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obtained when the valuation is performed using formula . Consequently, the valuation is an
iterative process: The free cash flows are discounted at the WACC to calculate the company’s
value (D+E), but in order to obtain the WACC we need to know the company’s value (D+E). Method 2. Using the expected equity cash flow (ECF) and the required return on equity (Ke).
Equation  indicates that the value of the equity (E) is the present value of the expected equity
cash flows (ECF) discounted at the required return on equity (Ke).
 E0 = PV0 [Ket; ECFt]
Equation  indicates that the value of the debt (D) is the present value of the expected debt
cash flows (CFd) discounted at the required return on debt (Kd).
 D0 = PV0 [Kdt; CFdt]
The expression that relates the FCF with the ECF is:
 ECFt = FCFt + ∆Dt - It (1 - T) ∆Dt is the increase in debt, and It is the interest paid by the company. It is obvious that CFdt = It
- ∆Dt. Obviously, the free cash flow is the hypothetical equity cash flow when the company has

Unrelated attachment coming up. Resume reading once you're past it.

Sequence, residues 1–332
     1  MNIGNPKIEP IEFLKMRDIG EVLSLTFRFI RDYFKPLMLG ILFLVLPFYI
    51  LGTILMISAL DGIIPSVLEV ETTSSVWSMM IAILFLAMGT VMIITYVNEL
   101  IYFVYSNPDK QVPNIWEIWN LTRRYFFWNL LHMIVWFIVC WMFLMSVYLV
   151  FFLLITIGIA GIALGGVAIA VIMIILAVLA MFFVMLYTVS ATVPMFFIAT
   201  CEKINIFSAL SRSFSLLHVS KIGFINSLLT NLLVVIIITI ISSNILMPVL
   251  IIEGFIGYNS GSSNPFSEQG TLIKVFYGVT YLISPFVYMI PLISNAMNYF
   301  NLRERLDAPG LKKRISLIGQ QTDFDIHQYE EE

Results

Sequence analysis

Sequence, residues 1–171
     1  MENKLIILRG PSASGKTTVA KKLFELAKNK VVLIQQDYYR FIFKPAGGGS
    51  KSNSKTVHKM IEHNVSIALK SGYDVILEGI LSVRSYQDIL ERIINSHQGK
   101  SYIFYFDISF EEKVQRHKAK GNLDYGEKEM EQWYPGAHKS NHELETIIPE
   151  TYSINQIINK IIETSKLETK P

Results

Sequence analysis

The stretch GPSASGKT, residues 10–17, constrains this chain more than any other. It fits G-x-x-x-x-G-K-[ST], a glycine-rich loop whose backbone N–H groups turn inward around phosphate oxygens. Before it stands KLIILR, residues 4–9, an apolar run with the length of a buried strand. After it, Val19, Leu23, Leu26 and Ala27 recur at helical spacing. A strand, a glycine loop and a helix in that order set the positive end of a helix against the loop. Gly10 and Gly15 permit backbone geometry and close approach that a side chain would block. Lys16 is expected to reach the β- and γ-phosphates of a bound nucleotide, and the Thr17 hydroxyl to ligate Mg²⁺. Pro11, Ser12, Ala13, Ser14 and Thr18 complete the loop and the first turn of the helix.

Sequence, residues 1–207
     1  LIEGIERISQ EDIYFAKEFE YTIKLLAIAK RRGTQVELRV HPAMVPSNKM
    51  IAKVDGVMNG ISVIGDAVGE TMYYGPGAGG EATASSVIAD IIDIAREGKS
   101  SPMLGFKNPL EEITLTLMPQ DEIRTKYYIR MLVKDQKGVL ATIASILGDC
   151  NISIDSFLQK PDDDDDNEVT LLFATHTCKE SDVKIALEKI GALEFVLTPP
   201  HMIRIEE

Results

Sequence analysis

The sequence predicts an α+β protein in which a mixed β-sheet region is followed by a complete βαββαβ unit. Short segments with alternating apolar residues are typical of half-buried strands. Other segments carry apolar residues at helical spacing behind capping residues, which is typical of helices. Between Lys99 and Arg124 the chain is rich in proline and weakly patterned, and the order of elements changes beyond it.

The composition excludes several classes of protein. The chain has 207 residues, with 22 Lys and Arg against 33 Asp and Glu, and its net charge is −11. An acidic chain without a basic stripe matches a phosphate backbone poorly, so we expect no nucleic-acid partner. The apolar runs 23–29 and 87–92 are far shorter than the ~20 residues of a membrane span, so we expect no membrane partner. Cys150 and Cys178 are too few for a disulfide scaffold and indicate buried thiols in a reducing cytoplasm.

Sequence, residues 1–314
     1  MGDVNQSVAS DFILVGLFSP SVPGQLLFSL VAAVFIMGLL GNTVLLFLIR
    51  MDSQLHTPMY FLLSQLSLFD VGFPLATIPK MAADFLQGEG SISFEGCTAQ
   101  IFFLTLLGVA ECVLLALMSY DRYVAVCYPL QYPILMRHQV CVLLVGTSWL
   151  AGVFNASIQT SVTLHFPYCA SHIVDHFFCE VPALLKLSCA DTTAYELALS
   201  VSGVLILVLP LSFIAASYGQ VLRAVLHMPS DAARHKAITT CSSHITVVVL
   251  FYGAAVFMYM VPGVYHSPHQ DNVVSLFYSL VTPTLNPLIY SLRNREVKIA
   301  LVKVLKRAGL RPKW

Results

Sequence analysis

The sum of the values given by equations  and  is identical to the value provided by :
E0 + D0 = PV0 [WACCt; FCFt] = PV0 [Ket; ECFt] + PV0 [Kdt; CFdt]. Indeed, one way of defining
the WACC is: The WACC is the rate at which the FCF must be discounted so that equation 
gives the same result as that given by the sum of  and . Method 3. Using the capital cash flow (CCF) and the WACCBT (weighted average cost of capital,
Arditti and Levy (1977) suggested that the firm’s value could be calculated by discounting the
capital cash flows instead of the free cash flow. The capital cash flows are the cash flows
available for all holders of the company’s securities, whether these be debt or shares, and are
equivalent to the equity cash flow (ECF) plus the cash flow corresponding to the debt holders
(CFd). IESE Business School-University of Navarra - 3 Equation  indicates that the value of the debt today (D) plus that of the shareholders’ equity
(E) is equal to the capital cash flow (CCF)...
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- Fall '11